Why Did the Christian Church Split?

The schism between the Orthodox and Catholic faiths began when the patriarch of Constantinople, Michael Cerularius, refused to acknowledge the supremacy of the Bishop of Rome (the pope), Leo IX, and was subsequently excommunicated in 1054. However, papal supremacy was but one of several issues that the east and west disagreed on.

While historians disagree on the importance of the following differences, all played a role in the split: differing views on iconoclasm, or the use of images of saints and other figures in worship; the west's preference for Latin versus the east's reliance on Greek; the use of unleavened bread in the west, which was considered to be an exclusively Jewish tradition in the east; and the coronation of Charlemagne as Holy Roman Emperor, which was seen as invalid in the east because of the continued existence of the Byzantine Empire.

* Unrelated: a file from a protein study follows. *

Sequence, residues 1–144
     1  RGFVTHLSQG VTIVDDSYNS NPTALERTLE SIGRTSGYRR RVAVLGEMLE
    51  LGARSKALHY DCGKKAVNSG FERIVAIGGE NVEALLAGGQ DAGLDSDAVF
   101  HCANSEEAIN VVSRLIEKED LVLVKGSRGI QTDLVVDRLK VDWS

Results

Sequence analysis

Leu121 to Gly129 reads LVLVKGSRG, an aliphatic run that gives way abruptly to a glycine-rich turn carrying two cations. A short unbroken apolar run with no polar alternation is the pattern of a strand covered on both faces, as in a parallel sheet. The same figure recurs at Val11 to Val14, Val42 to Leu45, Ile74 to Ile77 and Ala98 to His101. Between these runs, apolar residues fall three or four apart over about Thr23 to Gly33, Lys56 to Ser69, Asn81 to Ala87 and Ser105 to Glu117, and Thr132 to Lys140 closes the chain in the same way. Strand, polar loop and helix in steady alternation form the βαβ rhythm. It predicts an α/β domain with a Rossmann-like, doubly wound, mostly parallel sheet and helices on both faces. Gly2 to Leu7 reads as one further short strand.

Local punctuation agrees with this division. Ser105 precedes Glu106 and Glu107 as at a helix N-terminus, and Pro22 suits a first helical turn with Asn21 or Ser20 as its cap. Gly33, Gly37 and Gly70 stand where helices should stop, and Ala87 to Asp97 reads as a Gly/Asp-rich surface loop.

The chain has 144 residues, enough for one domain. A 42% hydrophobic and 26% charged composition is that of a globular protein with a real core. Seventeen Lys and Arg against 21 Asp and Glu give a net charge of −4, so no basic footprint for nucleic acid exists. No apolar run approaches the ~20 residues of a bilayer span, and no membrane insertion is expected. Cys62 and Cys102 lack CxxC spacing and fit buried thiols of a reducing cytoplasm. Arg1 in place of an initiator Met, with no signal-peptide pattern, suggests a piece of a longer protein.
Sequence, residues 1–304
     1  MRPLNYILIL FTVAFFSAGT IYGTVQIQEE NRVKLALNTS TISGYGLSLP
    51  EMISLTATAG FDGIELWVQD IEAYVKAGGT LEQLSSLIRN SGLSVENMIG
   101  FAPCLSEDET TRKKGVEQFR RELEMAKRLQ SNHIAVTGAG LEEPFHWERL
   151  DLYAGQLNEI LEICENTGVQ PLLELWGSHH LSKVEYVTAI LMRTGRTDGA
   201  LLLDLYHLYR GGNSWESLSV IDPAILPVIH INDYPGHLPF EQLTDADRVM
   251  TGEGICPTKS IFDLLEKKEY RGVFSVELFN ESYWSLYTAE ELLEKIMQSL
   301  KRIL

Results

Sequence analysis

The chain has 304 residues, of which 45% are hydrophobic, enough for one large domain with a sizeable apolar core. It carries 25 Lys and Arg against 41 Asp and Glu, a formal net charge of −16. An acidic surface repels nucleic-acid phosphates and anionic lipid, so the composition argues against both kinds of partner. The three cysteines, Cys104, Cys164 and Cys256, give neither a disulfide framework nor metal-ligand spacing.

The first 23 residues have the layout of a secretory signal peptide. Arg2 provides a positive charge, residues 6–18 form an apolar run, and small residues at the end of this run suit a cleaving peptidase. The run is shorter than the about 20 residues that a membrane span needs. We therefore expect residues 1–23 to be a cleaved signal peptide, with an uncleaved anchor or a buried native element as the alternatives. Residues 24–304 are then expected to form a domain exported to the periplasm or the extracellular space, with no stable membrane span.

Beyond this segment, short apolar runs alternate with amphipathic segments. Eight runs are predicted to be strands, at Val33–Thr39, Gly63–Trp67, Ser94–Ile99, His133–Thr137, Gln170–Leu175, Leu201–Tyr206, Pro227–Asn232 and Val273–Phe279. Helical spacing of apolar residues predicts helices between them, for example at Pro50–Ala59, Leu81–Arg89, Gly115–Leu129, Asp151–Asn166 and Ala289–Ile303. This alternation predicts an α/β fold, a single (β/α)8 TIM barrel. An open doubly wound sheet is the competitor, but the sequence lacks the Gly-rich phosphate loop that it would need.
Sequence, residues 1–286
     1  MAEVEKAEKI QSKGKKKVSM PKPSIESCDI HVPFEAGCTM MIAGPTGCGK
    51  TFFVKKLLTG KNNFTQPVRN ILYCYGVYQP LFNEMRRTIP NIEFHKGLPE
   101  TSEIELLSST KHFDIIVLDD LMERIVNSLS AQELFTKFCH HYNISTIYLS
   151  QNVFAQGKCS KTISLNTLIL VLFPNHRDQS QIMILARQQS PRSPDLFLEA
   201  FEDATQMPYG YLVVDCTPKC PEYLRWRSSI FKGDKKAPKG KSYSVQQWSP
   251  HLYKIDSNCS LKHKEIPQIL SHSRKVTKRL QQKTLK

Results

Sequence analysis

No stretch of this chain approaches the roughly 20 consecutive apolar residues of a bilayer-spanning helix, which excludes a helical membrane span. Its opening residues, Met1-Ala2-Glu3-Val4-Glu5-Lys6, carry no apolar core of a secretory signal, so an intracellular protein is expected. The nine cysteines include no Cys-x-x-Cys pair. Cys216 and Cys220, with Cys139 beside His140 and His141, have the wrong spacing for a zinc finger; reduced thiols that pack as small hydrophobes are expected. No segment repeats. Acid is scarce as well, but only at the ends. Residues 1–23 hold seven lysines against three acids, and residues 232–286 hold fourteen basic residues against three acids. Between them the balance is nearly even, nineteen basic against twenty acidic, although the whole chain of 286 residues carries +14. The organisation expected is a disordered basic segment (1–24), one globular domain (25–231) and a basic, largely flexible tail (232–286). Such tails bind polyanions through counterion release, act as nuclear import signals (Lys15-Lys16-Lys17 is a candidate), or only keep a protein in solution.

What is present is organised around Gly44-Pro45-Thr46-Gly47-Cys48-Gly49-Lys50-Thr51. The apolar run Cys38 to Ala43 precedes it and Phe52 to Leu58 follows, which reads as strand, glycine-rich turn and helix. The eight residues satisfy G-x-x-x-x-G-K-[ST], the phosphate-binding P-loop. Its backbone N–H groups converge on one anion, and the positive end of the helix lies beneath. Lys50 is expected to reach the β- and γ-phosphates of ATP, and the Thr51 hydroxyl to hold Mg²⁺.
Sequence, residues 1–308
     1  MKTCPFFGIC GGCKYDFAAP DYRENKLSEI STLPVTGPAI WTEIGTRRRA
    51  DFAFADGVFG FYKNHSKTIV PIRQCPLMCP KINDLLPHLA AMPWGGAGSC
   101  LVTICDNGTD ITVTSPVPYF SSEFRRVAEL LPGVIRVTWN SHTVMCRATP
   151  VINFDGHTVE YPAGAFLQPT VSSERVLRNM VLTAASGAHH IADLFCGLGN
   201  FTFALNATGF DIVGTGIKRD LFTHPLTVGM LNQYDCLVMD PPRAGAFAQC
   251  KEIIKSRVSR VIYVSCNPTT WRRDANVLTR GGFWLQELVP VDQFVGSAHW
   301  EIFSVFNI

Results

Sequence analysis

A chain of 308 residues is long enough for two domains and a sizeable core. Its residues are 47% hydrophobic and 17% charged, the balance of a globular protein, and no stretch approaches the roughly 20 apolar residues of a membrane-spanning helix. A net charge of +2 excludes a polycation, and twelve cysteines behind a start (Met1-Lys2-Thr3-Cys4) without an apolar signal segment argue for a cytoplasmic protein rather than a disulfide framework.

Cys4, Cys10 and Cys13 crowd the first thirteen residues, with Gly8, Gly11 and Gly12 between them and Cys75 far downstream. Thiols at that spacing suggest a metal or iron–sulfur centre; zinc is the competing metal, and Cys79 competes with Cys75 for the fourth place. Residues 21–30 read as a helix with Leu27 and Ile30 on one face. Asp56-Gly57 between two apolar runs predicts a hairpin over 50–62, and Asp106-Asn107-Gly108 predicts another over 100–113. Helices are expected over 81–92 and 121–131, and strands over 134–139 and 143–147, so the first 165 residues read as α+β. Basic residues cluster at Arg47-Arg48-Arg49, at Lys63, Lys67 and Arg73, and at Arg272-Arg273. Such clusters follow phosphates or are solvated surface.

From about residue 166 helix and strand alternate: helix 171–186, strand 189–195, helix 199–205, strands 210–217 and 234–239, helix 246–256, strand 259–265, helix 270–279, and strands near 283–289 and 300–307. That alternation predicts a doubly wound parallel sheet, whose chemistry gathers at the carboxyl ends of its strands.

It's also worth noting that there were several smaller splits in Christianity before 1054, such as the Monophysites who split from the church after the Council of Chalcedon in 451, as well as later schisms, such as the Protestant Reformation.